The series breaks unsavory new ground for a non-movie channel series. A recurring character is his drug dealer. Rush treats low-life patients, collaborates with a street gang, hears and makes explicit sexual references, uses weed and coke on-camera, does meatball surgery at gunpoint, and more.

Rush is a walk on the big-money wild side, Los Angeles style. The women are pretty, the men are ugly, and the pace is frenetic. Rush is to Royal Pains, what NCIS Los Angeles is to NCIS, a West Coast spin-off with a SoCal clientele.

The other DrC thinks it plows the same ground as Breaking Bad - it's compelling and ugly too. My reaction - Rush has the same horrid fascination as a serious injury car accident; it may develop an audience. That audience may include the DrsC.

The Duck Test

There's an old saying: If it waddles like a duck, and quacks, it is probably a duck. The underlying wisdom is that things are often what they seem to be.

Now Rasmussen has polling data looking at American's belief in various conspiracy theories. Of most interest to COTTonLINE is that twenty-three percent of respondents
Say the theory that Obama is not an American citizen is true, with another 17% who aren't sure. Sixty percent (60%) reject that theory as false.
Adding 23% and 17% tells you 40% of Americans aren't convinced President Obama is an American citizen. Even more fascinating is the following:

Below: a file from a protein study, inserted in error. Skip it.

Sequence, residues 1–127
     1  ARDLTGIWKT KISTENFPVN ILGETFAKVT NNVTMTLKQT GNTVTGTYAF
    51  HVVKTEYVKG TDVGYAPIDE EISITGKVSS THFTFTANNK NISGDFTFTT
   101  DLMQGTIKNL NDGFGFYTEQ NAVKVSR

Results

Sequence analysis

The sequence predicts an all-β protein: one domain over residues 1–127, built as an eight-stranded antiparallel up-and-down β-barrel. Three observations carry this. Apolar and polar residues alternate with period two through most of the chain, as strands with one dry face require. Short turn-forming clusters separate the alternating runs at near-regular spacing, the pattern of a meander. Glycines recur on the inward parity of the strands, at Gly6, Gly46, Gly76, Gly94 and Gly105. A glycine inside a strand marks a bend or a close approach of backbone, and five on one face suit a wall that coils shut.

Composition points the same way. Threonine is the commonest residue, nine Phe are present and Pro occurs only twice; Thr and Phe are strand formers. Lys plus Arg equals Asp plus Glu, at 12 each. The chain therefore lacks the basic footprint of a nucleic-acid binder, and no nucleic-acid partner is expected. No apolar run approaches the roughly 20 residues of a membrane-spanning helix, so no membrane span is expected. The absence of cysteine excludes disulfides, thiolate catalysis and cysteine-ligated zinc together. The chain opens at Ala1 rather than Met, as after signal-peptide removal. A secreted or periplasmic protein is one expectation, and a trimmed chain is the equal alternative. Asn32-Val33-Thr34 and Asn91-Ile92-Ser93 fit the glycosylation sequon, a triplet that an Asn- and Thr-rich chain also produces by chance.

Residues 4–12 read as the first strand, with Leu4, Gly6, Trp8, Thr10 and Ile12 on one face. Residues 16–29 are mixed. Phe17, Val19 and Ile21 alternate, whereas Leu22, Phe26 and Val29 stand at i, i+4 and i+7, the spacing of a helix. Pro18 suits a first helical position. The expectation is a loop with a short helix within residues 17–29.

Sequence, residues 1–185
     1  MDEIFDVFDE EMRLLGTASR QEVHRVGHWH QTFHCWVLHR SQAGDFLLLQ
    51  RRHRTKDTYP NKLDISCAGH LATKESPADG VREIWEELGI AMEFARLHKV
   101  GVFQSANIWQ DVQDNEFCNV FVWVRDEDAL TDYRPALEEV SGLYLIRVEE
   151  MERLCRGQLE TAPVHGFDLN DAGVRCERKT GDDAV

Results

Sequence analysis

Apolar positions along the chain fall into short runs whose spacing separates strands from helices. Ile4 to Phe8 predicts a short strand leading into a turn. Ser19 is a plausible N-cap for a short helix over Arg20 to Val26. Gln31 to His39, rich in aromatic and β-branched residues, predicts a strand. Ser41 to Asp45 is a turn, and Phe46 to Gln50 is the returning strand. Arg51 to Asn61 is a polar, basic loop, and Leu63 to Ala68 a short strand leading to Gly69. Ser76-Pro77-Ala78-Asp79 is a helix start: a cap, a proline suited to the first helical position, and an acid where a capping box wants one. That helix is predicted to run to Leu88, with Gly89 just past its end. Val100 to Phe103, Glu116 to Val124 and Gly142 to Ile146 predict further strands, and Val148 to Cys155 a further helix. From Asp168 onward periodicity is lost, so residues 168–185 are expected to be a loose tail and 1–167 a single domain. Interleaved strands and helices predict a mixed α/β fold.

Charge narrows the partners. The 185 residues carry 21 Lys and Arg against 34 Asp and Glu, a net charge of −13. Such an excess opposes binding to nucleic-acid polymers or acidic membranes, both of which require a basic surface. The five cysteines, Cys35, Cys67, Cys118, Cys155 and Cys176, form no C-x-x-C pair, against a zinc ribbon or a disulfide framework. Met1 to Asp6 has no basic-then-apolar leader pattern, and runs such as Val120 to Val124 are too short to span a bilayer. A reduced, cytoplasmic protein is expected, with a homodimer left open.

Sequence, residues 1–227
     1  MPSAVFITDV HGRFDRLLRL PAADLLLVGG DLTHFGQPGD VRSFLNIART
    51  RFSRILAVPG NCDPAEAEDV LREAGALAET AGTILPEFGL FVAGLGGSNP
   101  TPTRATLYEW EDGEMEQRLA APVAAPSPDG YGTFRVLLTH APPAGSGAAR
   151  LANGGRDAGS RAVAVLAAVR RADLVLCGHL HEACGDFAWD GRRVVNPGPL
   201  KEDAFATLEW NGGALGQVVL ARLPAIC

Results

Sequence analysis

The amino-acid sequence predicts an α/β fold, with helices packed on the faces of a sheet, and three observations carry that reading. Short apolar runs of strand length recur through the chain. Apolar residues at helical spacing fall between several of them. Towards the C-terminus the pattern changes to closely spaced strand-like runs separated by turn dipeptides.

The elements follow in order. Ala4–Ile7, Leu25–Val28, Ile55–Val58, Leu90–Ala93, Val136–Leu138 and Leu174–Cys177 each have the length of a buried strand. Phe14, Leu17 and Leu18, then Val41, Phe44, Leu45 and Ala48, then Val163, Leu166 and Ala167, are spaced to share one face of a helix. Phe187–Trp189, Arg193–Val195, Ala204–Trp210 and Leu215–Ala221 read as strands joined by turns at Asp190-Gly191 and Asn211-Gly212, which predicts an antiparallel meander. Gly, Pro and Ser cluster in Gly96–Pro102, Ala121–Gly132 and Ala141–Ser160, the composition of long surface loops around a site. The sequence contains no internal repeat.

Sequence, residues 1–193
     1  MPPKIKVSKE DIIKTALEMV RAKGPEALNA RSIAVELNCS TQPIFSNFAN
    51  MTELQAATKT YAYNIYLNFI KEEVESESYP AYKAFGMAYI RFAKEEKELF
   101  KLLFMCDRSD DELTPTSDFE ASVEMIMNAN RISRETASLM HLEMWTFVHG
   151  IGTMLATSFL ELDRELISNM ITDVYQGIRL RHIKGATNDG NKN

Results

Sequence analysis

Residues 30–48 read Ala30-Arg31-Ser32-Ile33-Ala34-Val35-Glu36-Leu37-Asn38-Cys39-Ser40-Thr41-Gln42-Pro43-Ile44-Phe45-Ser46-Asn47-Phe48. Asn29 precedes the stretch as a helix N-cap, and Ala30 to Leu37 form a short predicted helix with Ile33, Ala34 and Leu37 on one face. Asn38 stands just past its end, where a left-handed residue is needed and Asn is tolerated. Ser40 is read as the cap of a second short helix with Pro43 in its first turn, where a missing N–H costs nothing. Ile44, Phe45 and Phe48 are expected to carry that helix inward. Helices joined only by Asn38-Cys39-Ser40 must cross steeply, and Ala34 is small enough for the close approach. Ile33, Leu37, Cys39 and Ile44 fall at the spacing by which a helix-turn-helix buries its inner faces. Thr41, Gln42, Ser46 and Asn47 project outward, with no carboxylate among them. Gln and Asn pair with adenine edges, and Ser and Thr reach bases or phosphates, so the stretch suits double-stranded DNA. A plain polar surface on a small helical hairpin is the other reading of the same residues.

Forty-one percent (41%) of Republicans believe Obama is not an American citizen, compared to 21% of unaffiliateds and 11% of Democrats. Just over 20% of Republicans and unaffiliated adults also are not sure, but only seven percent (7%) of those in the president's party share that doubt.
It's amazing 18% of Democrats - roughly 7.5 million - aren't certain of the president's citizenship. People, including members of his own party, are unsure of Obama's bonafides because behaviorally he doesn't act like an American. He doesn't pass the "duck test."

COTTonLINE notes the relatively few objective facts of his early life which are known are sufficient to suggest a view of "unsure." Foreign father and stepfather, expat mother, overseas residence and schooling, use of multiple names, alleged foreign student status in college, questionable associates, plus what appear to be deliberate attempts to obscure details of that life are all red flags. Hat tip to Drudge Report for the link.